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1998: Day 4
Giving up on oatmeal, my father and I decided to find some pre-made breakfast food. A search of the local area turned up only one restaurant serving breakfast: Hardees. Now I lived for over five years in the United States, most of the time in the Washington DC area, and there are lots of Hardees in that area. However, I have never before actually gone there to eat. I was better off before - my breakfast consisted of some greasy potato bits, a salty, greasy "sausage" patty, and some scrambled eggs. Disgusting. I won't make that mistake again. A quick visit to the bathroom at Hardees found it jammed with people washing, shaving, and more. Hardees obviously turns a blind eye to this during the convention.
We had decided to spend the morning touring through the EAA museum. Our admission allowed us to take a bus and get into the museum for no extra charge. The museum was very interesting, and while understandably skewed towards the homebuilt/experimenter type of aircraft, there were some excellent displays. They had replicas of the Wright Flyer, Spirit of St. Louis and Voyager, the originals of which I have seen many times in the great hall at the National Aviation Museum in Washington. They also had a large scale model of the Enterprise carrier, and had an older gentleman next to it who had served on the ship, who could answer questions and tell stories about it. One of the best exhibits was a hall of aviation related art. The realism and emotions conveyed in these pictures is beyond description.
We returned to the EAA grounds for lunch, and found a tent serving food. I was somewhat shocked to find myself shelling out $9.00 for a small hamburger, a small piece of pizza, and a Coke. Remember rule number one about Oshkosh: bring LOTS of money - everything is priced about two or three times what it should be.
After lunch, we got ready for the daily airshow. While we were walking out to the airshow line, we were accosted by some pretty girls from Texas, giving out badges and promoting their company, "Aero One", an aircraft insurance brokerage. Throughout the entire week, this is without question the best marketing idea I saw. Each badge had "Aero One", their logo, and a different number printed on it. You took your badge and pinned it on your shirt. While walking around the convention, if you found anyone else with the same badge number, you took both badges to their booth, and they would give both of you free GPS units. Of course, this caused some predictable results. At first, you would see people with two or three badges. Later on in the week, you would see people with ten or twelve badges, all over their shirts and their hats. Eventually, people had too many badges to wear, so they started carrying around pieces of paper with lists of all their badge numbers. By the end of Oshkosh, this had caused almost an underground economy in badges, with people posting huge lists of badge numbers in conspicuous areas, along with a message like "If you have any of these numbers, come to general aviation camping, row 23, the blue Cessna 172." I don't know if Aero One actually sold any insurance, but by the end of the convention, there were very few people left who didn't know who they were, and who didn't already have a badge.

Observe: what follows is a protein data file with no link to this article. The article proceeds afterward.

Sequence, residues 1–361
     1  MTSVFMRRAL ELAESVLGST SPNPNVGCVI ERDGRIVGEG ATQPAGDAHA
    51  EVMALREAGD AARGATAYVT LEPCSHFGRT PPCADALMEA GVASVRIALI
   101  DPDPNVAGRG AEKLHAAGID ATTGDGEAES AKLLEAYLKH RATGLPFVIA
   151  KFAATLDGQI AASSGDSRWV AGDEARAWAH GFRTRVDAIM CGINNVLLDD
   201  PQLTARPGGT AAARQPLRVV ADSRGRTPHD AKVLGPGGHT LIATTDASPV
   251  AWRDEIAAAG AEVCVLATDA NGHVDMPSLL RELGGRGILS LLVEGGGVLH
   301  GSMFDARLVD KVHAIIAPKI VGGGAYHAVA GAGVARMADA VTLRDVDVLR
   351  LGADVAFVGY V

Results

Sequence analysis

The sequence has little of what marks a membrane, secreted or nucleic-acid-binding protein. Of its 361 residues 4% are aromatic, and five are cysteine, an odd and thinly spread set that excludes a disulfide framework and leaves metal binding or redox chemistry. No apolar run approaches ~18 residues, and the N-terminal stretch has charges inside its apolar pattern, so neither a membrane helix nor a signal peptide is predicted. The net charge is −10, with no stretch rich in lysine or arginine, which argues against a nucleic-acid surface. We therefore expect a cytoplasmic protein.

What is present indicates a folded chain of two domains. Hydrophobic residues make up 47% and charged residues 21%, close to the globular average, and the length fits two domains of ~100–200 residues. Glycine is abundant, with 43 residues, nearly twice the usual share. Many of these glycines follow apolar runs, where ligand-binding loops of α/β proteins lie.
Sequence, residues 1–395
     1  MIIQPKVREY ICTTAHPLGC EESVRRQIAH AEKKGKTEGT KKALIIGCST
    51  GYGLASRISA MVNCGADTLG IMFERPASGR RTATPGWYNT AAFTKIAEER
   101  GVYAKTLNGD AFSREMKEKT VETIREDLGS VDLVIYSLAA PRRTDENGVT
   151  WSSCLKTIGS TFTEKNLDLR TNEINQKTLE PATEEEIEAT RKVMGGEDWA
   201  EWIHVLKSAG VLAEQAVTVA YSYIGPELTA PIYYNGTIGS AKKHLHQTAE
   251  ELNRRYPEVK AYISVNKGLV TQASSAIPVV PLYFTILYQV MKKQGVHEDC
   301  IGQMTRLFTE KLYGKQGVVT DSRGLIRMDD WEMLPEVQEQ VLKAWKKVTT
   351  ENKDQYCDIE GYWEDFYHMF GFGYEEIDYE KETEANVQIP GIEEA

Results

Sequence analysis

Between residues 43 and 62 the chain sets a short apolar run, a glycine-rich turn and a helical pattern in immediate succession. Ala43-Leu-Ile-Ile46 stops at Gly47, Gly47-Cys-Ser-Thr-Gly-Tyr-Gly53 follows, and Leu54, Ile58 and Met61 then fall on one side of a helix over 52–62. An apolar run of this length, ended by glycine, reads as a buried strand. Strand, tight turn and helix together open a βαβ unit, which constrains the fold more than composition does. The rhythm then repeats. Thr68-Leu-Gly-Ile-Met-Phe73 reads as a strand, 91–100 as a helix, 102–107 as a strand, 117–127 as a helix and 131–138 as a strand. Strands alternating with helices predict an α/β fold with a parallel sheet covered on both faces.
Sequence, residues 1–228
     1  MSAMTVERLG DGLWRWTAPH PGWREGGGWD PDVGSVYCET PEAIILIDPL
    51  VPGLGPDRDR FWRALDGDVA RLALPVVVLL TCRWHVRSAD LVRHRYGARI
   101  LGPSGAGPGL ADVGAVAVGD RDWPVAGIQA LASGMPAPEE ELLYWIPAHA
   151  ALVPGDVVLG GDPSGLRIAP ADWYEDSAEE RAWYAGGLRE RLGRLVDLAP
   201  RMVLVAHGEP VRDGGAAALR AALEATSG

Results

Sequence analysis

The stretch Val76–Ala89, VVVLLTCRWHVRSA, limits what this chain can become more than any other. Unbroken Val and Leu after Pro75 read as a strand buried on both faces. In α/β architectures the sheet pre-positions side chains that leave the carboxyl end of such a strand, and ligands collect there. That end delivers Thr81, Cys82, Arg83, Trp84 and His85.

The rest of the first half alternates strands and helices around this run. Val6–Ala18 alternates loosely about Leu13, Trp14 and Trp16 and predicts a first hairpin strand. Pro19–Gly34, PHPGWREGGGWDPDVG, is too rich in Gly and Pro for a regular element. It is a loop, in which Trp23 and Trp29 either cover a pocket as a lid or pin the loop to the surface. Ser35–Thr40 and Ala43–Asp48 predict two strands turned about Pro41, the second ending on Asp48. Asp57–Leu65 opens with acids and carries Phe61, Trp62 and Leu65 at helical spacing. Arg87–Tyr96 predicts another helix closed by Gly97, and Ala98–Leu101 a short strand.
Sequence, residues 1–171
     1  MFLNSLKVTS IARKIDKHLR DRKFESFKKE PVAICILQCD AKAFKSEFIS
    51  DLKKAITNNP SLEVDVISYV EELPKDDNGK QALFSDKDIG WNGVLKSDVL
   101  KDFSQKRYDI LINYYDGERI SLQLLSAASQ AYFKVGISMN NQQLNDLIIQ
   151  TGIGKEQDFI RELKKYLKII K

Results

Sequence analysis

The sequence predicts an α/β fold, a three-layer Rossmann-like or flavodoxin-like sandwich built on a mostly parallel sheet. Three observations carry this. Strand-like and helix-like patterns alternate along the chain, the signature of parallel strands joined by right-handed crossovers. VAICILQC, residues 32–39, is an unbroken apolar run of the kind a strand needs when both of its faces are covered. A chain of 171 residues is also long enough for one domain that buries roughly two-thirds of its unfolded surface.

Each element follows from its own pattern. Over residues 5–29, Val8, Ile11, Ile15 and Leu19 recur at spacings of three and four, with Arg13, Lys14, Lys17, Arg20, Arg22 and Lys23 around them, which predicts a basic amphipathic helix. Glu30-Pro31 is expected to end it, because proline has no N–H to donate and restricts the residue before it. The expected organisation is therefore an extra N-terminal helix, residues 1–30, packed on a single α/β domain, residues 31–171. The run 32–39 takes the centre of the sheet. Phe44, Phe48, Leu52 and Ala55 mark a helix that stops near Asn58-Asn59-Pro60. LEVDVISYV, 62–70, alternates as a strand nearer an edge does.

While it was extremely hot, it soon clouded over, giving us a respite from the searing sun. The announcers were, for the most part, annoying. It seemed that 10% of their commentary was relevant information, and 90% of it was simple chatter and stories to fill up the spaces - they would not permit the speakers to fall silent for even a few seconds, it seemed. They really should set up an announcer-free zone for the airshows. That said, the airshow itself was quite good. Some of the performers were:
During the airshow, a huge number of T-6 "Texan" aircraft took off. Later on, they came overhead in a massed formation, spelling out "T6 60" in celebration of the 60th anniversary of the aircraft. The announcers made it sound like a perfectly coordinated, well-executed routine...however, we had our portable aircraft radio and were listening to the barely controlled chaos between the tower and the aircraft, so we knew differently. It was a complete disaster: they had airplanes going every which way, some came in early, some came in late, some were in the wrong place, some were on the wrong frequency, and didn't know where to go at all. Something caused the formation to break up, and instead of one large formation going the same way, there were multiple small formations, all on different frequencies, all going in different directions. To the audience on the ground, it looked like a well-coordinated ballet of airplanes going everywhere, but we knew what was really happening. I remember hearing a tower transmission something like this:
"Group of airplanes, T-6's or T-34's or whatever you are, going south, just east of the field, if you hear this, go to (radio frequency) 122.8 and remain clear of (runway) 18...does anyone hear me? What are those planes over there? Aircraft south of field, whatever you are, if you can hear me, climb to avoid the T-6s approaching from the north..."
This went on for about five minutes. Hilarious for those of us in the know.
After the airshow, we had dinner, and watched a group of P-51's taking off on the runway right next to us. A perfect way to end the day.
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